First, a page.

Jay Padilla & Ricky Acklin in You, Me, Me, You.
Photo by Patrick J. Mitchell
6’10: A Showcase of African American Theater
Written & directed by various
Review by Keith Waits
Entire contents copyright © 2015 Keith Waits. All rights reserved.
The 2nd annual iteration of Smoked Apple Theater Group’s evening of short plays arrives amid controversy about the fact that some of the playwrights were not African American. For a program labeled A Showcase of African American Theatre, the complaint may have some validity, but the pigmentation of the writer’s skin was not a factor in the impact of the production on the audience, so we will not concern ourselves too much with that issue in this review.
The mix of earnest newcomers with more experienced and trained players in the casting made for an undeniable unevenness in the quality of performance, and contributed to an overall lack of polish that was both a blessing and a curse.
The evening opened strong with Smoked Apple Artistic Director Nipsey Green’s Nigga Moments: Domestic Disturbances, an insightful glimpse into self-perception within contemporary Black American culture. Green’s performance was low-key but authoritative, and he and Katrice Gill exploited an easy chemistry to good comedic effect.
Len Cuthbert’s You, Me, Me, You was a heady examination of a man and a woman at a class reunion discovering just how deep and extreme some life changes can prove to be. Jay Padilla was a sharp and sassy pro, and Ricky Acklin was a softer but still funny presence in a piece whose premise stretches credulity in service to a worthwhile commentary.
Rock Idol again featured Mr. Acklin, this time in a flashier role as a music star indulging a idolatrous fan, played by Morgan Younge, but Krista Knight’s script failed to realize its potential, and the performances also seemed less than ready for an audience.
That lack of preparedness dogged the evening as a whole, with only a few moments of more finely crafted work shining through, although the looser quality may have benefited some of the less experienced cast members. A good example was Marcus Orton in, A Dog Dreams. Both he and Mr. Acklin, in his 3rd role of the night, managed to bring pathos to Jeffrey Fischer-Smith’s poignant story of grief and sorrow reconciled in small measure by a ghost whose visit is triggered by the dreams of a beloved pet: unusual but affecting.
The Mama and the Papa, by Rex McGregor, entertains another slightly provocative idea: God and Mother Nature at odds about the counter-culture of 1967. Kronski Jones is an appropriately commanding and patriarchal presence as “Papa”, and Marquita Howerton does well as “Mama”, although some dropped lines and missed cues broke the momentum. It also followed a protracted set change that was largely mitigated by a sharp and sexy dance by Gwendolyn Evans and Dominic Collins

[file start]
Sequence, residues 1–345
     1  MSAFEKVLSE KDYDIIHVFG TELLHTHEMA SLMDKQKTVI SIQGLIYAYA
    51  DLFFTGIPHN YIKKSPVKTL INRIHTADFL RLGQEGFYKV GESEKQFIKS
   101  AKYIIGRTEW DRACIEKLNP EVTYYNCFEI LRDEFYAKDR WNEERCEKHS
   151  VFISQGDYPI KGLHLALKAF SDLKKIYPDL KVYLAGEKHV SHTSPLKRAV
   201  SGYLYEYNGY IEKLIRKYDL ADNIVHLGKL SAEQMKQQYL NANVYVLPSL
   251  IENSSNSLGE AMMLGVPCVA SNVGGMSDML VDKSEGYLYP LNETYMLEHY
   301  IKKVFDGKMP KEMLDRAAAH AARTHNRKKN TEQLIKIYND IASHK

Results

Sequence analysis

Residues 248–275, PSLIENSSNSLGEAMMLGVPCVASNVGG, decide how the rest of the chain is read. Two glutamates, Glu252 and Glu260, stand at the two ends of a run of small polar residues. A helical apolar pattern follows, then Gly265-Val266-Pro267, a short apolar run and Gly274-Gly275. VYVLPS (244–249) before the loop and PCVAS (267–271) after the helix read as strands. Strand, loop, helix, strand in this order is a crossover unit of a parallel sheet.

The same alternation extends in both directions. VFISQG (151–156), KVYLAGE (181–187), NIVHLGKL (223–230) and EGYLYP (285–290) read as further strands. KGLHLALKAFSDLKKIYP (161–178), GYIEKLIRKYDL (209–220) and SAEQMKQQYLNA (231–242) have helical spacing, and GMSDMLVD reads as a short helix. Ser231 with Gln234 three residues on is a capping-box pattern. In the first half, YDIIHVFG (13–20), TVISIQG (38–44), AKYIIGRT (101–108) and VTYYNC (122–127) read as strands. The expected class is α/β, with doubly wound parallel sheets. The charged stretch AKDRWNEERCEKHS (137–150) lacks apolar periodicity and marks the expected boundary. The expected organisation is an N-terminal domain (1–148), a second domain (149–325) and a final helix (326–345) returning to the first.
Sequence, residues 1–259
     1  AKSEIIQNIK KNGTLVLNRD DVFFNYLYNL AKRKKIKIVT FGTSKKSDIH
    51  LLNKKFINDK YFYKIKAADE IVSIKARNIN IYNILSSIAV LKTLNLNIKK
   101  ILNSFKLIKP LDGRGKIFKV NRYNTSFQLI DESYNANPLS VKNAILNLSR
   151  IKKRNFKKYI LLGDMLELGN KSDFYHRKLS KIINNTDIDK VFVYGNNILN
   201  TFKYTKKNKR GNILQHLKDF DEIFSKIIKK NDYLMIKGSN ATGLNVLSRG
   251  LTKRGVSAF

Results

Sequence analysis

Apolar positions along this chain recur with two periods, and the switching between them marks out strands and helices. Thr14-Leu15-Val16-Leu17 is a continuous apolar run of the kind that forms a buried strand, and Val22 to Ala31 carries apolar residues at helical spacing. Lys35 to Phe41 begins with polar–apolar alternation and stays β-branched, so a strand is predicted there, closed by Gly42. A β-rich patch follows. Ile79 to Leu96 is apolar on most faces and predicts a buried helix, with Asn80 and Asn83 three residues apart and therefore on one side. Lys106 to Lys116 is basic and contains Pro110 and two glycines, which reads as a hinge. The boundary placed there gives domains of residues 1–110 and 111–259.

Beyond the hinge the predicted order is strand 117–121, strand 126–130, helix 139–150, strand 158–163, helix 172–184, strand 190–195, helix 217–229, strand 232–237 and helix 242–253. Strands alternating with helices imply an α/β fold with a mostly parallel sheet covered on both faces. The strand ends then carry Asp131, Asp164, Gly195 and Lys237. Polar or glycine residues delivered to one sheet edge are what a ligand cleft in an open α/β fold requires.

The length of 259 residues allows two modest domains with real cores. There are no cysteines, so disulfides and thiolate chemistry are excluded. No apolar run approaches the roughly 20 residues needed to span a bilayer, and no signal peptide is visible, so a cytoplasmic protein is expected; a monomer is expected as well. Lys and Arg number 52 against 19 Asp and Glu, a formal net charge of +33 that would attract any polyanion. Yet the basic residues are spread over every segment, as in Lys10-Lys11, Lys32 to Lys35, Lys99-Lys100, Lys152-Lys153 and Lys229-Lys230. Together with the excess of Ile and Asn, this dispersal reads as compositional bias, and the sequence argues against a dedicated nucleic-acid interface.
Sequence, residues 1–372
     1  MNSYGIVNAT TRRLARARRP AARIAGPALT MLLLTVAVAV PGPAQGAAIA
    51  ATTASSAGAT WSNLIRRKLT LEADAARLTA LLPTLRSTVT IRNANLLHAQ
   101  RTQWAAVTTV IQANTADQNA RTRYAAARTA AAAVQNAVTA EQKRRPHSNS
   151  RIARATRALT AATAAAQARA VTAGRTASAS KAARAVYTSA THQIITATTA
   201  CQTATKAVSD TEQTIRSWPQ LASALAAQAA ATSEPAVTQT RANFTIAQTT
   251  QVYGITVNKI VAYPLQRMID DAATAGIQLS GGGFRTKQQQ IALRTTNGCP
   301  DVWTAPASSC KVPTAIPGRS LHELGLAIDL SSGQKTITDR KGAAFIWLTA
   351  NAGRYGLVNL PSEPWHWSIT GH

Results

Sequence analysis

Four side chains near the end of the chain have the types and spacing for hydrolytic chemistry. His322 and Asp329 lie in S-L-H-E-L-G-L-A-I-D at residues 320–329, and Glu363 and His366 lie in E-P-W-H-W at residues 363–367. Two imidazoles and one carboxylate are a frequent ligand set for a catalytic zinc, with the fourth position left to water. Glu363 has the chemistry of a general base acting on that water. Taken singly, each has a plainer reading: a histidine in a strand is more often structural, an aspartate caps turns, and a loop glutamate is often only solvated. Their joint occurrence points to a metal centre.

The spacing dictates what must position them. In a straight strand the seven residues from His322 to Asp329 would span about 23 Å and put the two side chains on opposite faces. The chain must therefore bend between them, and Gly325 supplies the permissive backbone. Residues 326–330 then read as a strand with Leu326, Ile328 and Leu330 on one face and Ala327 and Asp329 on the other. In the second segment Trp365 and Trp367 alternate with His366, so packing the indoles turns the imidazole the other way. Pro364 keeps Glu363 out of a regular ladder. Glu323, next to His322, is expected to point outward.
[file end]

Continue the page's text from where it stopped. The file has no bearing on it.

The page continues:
Pumps, by Brett Hursey, wraps up the evening with a vignette about a woman trying to go “cold turkey” from wearing power pumps. Gwendolyn Evans starts off hitting the right keys as the woman, but she winds up wildly overplaying the piece, a miscalculation placed in higher relief by Everett Ezell’s nicely understated work as her patient husband.
The racial makeup of the authors notwithstanding, each of the plays was staged within a framework of Black cultural sensibility. A fetish for shoes is not specifically African American, but the characterization of the married couple seems specific to Black social identifiers beyond the obvious fact that the actors themselves were African American.
Ultimately Smoked Apple’s choices seem to be about finding original stories to tell. Whatever the shaggy-dog, just-shy-of-professional quality of the production, there is innovation to be found in the ideas within the writing chosen and ambition in the heart of company director Nipsey Green, who announced at evening’s end a 2016 line-up of productions that will include August Wilson’s King Hedley II, Lorraine Hansberry’s A Raisin In The Sun, an original full-length play by Mr. Green, and, of course, more 6’10.
6’10: A Showcase of African American Theater
December 19 @ 7:30pm
December 20 @ 3:30pm & 6:30pm
Smoked Apple Theater Group
At Vault 1031
1031 South Sixth Street
Louisville, KY 40203
Keith Waits is a native of Louisville who works at Louisville Visual Art during the days, including being one of the hosts of PUBLIC on ARTxFM, but spends most of his evenings indulging his taste for theatre, music and visual arts. His work has appeared in Pure Uncut Candy, TheatreLouisville, and Louisville Mojo. He is now Managing Editor for Arts-Louisville.com.